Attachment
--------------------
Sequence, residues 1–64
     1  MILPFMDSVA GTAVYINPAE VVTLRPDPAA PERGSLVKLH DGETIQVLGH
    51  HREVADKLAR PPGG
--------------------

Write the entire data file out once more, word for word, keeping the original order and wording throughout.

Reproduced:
Sequence, residues 1–64
     1  MILPFMDSVA GTAVYINPAE VVTLRPDPAA PERGSLVKLH DGETIQVLGH
    51  HREVADKLAR PPGG